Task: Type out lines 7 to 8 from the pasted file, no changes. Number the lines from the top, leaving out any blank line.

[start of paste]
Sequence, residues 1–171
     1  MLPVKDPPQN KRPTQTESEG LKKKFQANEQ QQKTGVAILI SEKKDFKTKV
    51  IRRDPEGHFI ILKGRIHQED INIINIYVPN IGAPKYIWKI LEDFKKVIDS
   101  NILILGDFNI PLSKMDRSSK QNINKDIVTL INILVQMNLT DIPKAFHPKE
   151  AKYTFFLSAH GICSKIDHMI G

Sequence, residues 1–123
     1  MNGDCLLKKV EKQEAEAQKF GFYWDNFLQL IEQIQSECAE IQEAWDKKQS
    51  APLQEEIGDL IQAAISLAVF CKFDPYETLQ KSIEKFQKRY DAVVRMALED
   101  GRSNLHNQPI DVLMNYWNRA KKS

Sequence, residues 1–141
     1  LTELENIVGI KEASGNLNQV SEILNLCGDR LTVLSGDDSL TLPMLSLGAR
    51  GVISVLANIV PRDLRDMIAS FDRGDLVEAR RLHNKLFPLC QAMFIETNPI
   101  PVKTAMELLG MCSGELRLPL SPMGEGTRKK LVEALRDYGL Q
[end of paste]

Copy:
     1  MNGDCLLKKV EKQEAEAQKF GFYWDNFLQL IEQIQSECAE IQEAWDKKQS
    51  APLQEEIGDL IQAAISLAVF CKFDPYETLQ KSIEKFQKRY DAVVRMALED